Gold prices in India closed at an all-time high on Friday at Rs 7,900 per ten gram, in tune with a global Bull Run in the coveted yellow metal. Spiralling gold prices had given the jitters to lakhs of Indian households as wedding budgets went awry during the marriage season. For the first time in recent years, people are actually staying away from jewellery stores and 60 per cent of reported demand is for re-designing existing jewellery.
However, the pressure to meet the diktats of custom and tradition remains high. So every Indian wants to know if these gold prices are sustainable.
What is driving the upward march in gold prices? When will the bull run peak? Is it time to bring out the family cache and book a profit in the hope that prices will fall? Or, will the high price teach Indians to love gold a little less and focus on other investment opportunities? Let’s look at the situation.
Pan African Investment and Research Services (Pairs), a financial services group headed up by Dr Iraj Abedian, says that the price of gold could rise to US$600/oz by June 2006, (reports www.fin24.co.za). The group says that the heated gold market does not represent a temporary spike but is part of a ‘‘fundamental structural change’’. This is attributed to factors such as big decline in world gold production, increased demand from developing countries such as India and China and higher cost of exploration and creating fresh mining capacity for gold.
The view is endorsed by Mark Wellesley-Wood, Chief Executive of DRD Gold who is quoted by The Daily Reckoning as saying, ‘‘Expenditure on exploration peaked in gold mining in 1997 and has been pretty flat since then. There are 29 new gold mines in the pipeline right now and even if all these are developed, it would require a further seven projects every year to make up the deficit.” There is also another view that increased investment by Exchange Traded Funds played a role in driving up gold prices.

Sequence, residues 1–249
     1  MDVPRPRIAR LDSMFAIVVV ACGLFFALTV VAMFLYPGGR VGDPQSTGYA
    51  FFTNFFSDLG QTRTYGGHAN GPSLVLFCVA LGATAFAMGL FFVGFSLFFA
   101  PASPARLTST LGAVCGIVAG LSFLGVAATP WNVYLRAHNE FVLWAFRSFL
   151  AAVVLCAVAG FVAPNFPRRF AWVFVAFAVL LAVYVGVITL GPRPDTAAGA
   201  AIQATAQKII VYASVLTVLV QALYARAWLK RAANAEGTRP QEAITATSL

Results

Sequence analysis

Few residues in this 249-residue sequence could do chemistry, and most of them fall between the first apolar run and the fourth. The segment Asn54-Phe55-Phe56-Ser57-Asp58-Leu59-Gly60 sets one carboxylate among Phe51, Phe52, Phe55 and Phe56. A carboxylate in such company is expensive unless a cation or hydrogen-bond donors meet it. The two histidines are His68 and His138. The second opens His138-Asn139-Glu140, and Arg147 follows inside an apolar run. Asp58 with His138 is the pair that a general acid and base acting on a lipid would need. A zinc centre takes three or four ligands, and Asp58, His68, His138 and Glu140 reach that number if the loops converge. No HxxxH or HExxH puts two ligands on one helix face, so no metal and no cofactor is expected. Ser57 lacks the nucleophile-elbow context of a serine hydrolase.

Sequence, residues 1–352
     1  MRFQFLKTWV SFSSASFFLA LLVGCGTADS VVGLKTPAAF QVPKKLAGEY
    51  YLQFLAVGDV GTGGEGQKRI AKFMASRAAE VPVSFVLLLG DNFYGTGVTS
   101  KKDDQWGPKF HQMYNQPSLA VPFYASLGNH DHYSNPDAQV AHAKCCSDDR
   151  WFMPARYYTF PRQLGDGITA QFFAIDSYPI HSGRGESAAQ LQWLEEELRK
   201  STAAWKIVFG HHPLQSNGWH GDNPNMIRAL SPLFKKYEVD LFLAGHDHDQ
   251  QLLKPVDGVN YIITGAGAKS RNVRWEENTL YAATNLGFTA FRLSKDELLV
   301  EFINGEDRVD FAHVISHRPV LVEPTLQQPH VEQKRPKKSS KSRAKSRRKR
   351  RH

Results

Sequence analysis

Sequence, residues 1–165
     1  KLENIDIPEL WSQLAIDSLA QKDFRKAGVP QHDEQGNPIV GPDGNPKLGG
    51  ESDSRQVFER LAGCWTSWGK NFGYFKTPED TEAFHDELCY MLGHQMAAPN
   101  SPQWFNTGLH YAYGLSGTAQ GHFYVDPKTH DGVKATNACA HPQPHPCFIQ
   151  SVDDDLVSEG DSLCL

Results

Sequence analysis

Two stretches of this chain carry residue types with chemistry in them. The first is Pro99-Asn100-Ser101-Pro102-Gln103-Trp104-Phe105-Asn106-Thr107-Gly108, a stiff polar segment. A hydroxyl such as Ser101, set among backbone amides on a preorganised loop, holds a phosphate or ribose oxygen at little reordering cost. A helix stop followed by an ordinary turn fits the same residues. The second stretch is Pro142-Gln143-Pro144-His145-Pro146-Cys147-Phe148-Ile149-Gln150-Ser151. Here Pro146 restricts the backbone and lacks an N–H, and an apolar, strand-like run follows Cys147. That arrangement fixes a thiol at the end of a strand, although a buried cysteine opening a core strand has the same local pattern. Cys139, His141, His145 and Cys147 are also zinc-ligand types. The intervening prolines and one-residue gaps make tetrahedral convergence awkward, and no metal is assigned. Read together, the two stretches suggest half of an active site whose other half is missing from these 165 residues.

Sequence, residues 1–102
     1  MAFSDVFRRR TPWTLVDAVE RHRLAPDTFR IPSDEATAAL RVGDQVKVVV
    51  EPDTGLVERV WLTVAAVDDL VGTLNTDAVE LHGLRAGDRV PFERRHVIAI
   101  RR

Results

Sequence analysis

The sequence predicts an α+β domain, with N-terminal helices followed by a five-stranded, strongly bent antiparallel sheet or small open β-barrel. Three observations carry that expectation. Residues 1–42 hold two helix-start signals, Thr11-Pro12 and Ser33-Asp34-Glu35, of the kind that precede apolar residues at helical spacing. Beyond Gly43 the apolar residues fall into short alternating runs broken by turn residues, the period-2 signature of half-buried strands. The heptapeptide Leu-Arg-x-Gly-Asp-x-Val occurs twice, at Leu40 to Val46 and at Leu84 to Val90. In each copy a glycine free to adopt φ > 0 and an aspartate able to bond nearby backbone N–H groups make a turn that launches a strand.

This scenario is interesting; but one must remember that one big new discovery can change future price projections in hurry. The same can happen with a steady change in consumption or holding patterns of individuals and central banks of countries. Let’s first look at the consumption pattern. India accounts for a quarter of the worlds gold demand and at 800 tonnes a year is its biggest consumer. Our consumption rose a massive 47 per cent last fiscal, probably because a chunk of increased middle-class income was invested in gold. Most of Indian demand is met through imports; China’s consumption was also high last year at 14 per cent. Consequently, the World Gold Council estimates global demand at 4000 tonnes, while the supply is in the region of 2250 tonnes.
What happens if Indians, the biggest gold consumers in the world stop buying as much gold? Madhusudan Daga, India’s leading gold expert insists that the consumption pattern in India is indeed changing. The 76-year-old Daga who remains a peripatetic traveler and constantly visits every gold and jewellery centre in the country points to two trends.